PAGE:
September 11th clearly caused many fears, sentiments, and life changes that each have their own effects. The Millennial Generation, the fearful generation, does not object to the government spying on its own citizens or strict screenings at airports: they understand why these things are necessary.

The characteristics of any generation evolve from both historical events and the family sphere and therefore, both theories must be combined to explain these characteristics as completely as possible. Although it is impossible to imagine the generational impact of most notable events, it should be noted that they do exist and occur every day. The multigenerational influence begins as soon as humans enter the world because a child’s world is encompassed by their home life for roughly the first decade and therefore individuals become a product of their parents: a different generation. One popular cliché that arises from bi-generational households is that the Millennial Generation is much “more optimistic and confident than the generations preceding them especially when compared to the cynical and individualistic Generation Xer’s” (Nimon, 2007, p. 34). With the contrast between the two generations, the “turning” is much more obvious.

This is sometimes looked at negatively because of the association between confidence and arrogance. Nimon’s analysis is supported by Telefónica’s millennial study, which surveyed more than 12,000 millennials and found that that 83% believe they can make a local difference, 52% believe they can make a global difference, and 60% believe “one person’s participation in the political system makes a difference” (Telefónica, 2013). These characteristics are due to the increased optimism and confidence of this generation.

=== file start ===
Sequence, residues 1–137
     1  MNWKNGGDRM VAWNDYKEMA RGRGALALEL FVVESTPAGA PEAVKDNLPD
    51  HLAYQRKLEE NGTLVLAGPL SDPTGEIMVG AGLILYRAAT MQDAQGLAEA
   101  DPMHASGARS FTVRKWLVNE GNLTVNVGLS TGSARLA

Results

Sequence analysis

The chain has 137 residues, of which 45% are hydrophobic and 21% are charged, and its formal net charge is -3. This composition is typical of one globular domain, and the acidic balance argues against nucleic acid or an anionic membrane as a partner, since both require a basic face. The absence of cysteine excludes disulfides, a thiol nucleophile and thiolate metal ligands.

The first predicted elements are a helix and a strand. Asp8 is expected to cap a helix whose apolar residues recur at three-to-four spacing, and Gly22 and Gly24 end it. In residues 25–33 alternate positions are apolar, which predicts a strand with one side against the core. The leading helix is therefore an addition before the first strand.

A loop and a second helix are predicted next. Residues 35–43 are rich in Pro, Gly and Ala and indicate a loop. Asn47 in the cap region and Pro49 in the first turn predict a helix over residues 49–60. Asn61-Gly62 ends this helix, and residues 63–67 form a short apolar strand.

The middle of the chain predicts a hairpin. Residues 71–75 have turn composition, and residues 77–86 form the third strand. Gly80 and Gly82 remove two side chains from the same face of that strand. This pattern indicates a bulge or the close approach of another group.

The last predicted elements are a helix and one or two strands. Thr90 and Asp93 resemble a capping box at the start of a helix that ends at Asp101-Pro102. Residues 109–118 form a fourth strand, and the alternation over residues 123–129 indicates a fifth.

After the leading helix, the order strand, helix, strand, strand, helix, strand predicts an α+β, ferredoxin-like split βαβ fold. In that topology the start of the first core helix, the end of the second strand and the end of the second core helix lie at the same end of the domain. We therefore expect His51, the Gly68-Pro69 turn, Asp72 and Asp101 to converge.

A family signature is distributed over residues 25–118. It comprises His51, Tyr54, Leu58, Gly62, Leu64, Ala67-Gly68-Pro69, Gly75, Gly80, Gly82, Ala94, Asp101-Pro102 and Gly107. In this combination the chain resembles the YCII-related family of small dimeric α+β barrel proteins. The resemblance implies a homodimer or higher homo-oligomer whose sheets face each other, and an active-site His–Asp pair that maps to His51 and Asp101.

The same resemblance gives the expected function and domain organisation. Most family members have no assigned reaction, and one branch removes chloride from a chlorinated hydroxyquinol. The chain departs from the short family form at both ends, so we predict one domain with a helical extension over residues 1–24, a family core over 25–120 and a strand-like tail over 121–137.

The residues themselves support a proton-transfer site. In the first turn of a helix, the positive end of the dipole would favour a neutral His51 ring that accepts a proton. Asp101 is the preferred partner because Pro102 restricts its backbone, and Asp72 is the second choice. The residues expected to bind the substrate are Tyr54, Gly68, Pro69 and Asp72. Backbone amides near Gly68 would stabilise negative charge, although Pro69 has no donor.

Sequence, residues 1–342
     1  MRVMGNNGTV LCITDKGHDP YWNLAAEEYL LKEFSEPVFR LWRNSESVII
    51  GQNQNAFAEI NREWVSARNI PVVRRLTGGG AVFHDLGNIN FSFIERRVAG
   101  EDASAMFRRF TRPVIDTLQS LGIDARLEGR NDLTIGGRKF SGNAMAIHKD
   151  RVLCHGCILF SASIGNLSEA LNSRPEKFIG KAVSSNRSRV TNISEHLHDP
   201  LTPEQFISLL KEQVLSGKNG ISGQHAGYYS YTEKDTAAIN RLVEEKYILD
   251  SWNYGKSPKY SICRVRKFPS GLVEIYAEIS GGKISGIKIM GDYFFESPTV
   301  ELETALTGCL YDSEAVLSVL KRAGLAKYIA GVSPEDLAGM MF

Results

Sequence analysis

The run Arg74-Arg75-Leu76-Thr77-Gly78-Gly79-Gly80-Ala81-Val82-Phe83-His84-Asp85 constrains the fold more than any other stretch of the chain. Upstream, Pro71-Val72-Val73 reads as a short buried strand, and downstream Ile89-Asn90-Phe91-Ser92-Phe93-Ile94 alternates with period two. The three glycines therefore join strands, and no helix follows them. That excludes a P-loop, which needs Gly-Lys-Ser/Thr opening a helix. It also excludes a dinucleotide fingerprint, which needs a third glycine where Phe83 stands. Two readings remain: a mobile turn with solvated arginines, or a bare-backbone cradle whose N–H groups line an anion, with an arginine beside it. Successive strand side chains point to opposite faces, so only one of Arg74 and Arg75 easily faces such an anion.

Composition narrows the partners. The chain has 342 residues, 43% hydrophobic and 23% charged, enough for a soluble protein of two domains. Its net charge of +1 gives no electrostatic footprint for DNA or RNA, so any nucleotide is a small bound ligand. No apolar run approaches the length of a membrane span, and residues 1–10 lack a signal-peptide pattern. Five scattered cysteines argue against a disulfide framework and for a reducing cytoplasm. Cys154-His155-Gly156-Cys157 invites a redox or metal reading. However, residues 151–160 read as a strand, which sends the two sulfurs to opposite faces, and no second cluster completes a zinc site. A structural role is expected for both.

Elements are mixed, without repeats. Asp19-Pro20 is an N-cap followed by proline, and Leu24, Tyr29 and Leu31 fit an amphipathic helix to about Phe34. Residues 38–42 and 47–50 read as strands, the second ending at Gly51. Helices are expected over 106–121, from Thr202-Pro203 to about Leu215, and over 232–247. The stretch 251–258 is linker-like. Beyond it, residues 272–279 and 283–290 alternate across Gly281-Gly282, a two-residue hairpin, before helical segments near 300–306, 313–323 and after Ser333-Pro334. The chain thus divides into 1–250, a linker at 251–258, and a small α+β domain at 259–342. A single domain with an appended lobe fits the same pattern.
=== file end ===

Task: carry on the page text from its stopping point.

The answer to how millennials become confident lies in the manner in which this generation grew up. Millennials were “considered special since birth, and generally more sheltered” and therefore, they were shielded from failures and the general hardships of childhood (Donohue, 2012). Howe and Strauss explained the increased optimism and confidence largely seen in this generation by applying their theory that emphasizes generational influence. In their essay called Millennials Go to College, Howe and Strauss wrote:

Unlike Generation X’s traumatic, latchkey childhood, the Millennials grew up in an area that placed high value on children – reflected in everything from the products on the shelves (Cabbage Patch Dolls, “Baby On Board” stickers) to the media (pro-kid movies like Baby Boom and Three Men and A Baby, a sharp rise in kids magazines and TV shows). Even the TV show, “Barney and Friends” (featuring teamwork and commonalities) stole the limelight from “Sesame Street” (which featured individualism and uniqueness). Part of this trend is the emergence of “helicopter parents” – always hovering, ultra protective, [and] unwilling to let go (Howe & Strauss, 2003, p. 21).

The “turning” of this generation can be found in “hovering” parents, even in the earliest stages of childhood. In May 2013, Time published a cover story titled “Millennials: The Me Me Me Generation,” authored by Joel Stein. In this article, Stein described research findings suggesting that “kids with high [confidence] did better in school and were less likely to be in various kinds of trouble,” suggesting that confidence was instilled in the generation by attentive parents (Stein, 2013, p. 23).